I think I feel Hungry.


The displaced Newfoundlander, experiencing his first Christmas alone, was only too pleased to accept the invitation to share Christmas dinner with the Italian family. It would save him from having to warm up the chicken steakette  TV dinner, frost burning in his freezer, in order to celebrate Christmas.

The family of the widowed matriarch consisted of her three children, two complete with spouses, and one of those pairs carried her first grandchild in their arms. The woman’s own elderly mom watched over the event from her chair speaking only Italian. The Newfoundlander was glad to have been adopted into her home for that day. His mouth began to water as soon as he walked into the comfortable home and the aroma of the Christmas feast filled his nose.

The Newfoundlander knew that this meal would be different then the Christmas dinners he had celebrated for the last 24 years. Italians were known for their food and he was looking forward to the adventure to come. He took his place at the table when the feast was called, prepared to meet the challenge ahead. He was told beforehand there was no shame in not being to eat everything so not to feel bad if he couldn’t keep up. He was determined to see this through to the end.

A large picture of ice water was placed in the centre of the table, along with several bottles of Italian soda, flavours of which he had never heard before. A jug of orange juice was added along with two bottles of wine, one imported from Italy, the other homemade. No one would be going thirsty during this dinner, the Newfoundlander smiled and filled his glass with water. He figured he could eat more without be blown up with carbonation.

A large plate was place before him with the pasta dish, Cantaloni. The large noodle was rolled into a tube and filled with a meat sauce. There was two on his plate, very large, steaming with the hot tomato sauce and amazingly delicious. Normally this would make a full meal for the displaced Newfoundlander but it being Christmas it was joined by a platter of eggplant cooked with cheese, another platter of sliced tomato and stuffing, a dish with olives, pickles and other garnishings, and finally a large crusty roll with real butter. The Newfoundlander savoured every mouth watering bite as he filled his empty stomach and even accepted a second serving when his plate had been cleaned off. He had enjoyed the feast and felt quite satisfied. It hadn’t been so difficult to keep up with the others after all.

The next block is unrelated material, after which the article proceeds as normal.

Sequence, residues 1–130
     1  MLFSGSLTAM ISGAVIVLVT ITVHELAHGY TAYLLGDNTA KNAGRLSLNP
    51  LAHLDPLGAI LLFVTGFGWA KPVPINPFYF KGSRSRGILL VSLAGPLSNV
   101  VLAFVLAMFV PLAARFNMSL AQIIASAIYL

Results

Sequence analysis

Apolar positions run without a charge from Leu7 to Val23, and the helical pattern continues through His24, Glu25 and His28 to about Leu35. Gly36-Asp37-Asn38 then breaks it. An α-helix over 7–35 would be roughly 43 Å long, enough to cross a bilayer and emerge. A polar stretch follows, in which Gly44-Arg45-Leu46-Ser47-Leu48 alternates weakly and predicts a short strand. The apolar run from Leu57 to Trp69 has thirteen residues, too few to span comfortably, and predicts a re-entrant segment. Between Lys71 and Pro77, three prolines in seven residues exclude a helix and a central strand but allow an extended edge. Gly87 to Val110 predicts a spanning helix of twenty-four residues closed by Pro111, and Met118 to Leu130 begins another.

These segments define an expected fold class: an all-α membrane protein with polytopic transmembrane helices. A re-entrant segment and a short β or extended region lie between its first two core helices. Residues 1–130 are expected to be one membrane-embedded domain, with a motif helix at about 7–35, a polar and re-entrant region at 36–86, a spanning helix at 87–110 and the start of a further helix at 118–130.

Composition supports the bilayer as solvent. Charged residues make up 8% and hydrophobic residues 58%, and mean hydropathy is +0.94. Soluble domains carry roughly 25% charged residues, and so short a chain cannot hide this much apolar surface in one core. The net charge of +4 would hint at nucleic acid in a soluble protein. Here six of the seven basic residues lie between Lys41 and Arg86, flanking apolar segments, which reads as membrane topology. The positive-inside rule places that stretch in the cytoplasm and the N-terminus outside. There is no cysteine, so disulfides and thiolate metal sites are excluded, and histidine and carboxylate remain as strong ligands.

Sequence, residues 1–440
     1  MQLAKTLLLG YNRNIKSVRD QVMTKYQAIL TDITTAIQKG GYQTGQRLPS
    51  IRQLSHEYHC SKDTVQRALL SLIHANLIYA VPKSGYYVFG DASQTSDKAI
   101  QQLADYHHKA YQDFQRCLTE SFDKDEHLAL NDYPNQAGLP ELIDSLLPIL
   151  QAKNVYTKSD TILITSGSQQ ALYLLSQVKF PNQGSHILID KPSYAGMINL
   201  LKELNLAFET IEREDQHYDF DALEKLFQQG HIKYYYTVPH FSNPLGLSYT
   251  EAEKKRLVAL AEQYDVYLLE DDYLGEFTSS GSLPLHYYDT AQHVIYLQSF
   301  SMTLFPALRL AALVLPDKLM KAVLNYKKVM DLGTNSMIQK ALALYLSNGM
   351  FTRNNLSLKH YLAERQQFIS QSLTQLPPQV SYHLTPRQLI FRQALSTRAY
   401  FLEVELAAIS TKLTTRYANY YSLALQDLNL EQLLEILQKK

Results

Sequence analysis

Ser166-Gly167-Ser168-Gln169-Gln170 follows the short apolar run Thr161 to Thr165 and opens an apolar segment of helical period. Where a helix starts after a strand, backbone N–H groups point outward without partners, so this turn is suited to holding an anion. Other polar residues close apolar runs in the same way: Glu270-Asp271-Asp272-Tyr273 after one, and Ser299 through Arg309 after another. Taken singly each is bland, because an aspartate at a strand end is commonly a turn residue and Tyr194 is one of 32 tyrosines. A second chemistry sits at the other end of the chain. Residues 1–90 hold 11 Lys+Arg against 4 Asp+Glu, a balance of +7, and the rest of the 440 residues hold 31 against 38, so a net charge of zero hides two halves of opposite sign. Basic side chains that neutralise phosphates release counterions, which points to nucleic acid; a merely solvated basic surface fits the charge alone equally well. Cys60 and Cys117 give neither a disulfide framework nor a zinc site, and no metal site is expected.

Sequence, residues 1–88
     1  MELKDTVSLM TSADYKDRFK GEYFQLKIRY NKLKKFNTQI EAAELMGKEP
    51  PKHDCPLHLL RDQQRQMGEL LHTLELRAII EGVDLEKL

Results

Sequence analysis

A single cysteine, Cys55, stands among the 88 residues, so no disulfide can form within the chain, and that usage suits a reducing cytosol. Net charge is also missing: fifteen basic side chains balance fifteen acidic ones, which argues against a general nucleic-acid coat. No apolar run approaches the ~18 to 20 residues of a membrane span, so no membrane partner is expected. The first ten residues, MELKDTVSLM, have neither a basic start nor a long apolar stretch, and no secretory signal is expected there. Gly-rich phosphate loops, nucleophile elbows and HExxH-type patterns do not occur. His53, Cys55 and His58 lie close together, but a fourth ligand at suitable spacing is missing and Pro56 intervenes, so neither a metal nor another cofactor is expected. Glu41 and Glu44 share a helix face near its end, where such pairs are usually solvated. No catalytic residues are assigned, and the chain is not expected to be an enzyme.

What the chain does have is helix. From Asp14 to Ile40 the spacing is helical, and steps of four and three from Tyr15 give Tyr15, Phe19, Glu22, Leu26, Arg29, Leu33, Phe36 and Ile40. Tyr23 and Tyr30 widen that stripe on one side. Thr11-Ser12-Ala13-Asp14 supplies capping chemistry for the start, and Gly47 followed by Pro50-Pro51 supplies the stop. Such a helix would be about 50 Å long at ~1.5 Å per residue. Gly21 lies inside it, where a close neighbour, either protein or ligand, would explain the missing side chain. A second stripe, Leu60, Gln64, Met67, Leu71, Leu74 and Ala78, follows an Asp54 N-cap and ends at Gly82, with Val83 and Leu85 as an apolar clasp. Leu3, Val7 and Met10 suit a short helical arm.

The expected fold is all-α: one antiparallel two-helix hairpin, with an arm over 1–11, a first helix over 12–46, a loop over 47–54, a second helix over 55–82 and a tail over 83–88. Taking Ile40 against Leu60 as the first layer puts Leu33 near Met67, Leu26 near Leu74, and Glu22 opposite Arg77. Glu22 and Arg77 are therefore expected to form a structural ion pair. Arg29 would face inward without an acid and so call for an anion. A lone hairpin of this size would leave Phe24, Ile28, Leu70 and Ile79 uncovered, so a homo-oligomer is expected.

His host excused herself from the table and headed into the kitchen to bring out what the Newfoundlander assumed to be dessert. He was surprised when what she returned with was the dinner’s second course. A plate of sliced, roasted Christmas turkey was placed in the centre of the table. A dish of broccoli in cheese soon followed. Her trips continued to the kitchen and with each return she produced something new for the table, a large bowl of tossed salad, then a plate of cauliflower, a plate of Italian sausage, a dish of potato, carrot  and pickles in a favourable mixture. Before returning to her seat she also added a large bowl of stuffing and a large pitcher of steaming gravy.  The Newfoundlander held his stomach with his hand as his wide eyes surveyed the banquet feast arrayed on that large table. Every inch of the table’s surface was  covered in food. The Newfoundlander questioned his memory and thought, didn’t we just eat?

But it was Christmas so the Newfoundlander ate. He was proud of the fact that he had kept up with the Italians seated around him. His stomach was stretched taunt and even with his pants unbuttoned under the table he felt still the need to expand.

All the jugs were refilled and bottles replaced and opened. Laughter and joy sounded around the table but no one moved from their chair except the mother who had cooked the feast. She cleared some of the dirtied dishes from the table, not because the meal was done, rather she needed more room for what was to come. When the large tray of breaded veal in melted cheese sauce was placed on the table the Newfoundlander admitted defeat. No matter how much the flavours arising from the tray before his tempted his desires, there was no way possible he could force anymore food past his tonsils.  So all he could do was smile and watch as this small family of Italians continued to feast, including the little, elderly, Italian great-grandmother.

Two hours after it began, everyone one moved away from the table to take an hour break before dessert was served. Then we all regathered around the table. A large cut of cherry chocolate cheesecake and a huge scope of jello marshmallow dessert was served together on one plate, joined by a platter of melon and grapes and three large trays of assorted homemade cookies.

The Newfoundlander thanked the family for their generosity and with a huge plate of leftovers under his arm returned to his small empty apartment, laid on his bed and dreamed of hibernating till spring arrived and melted the snow.

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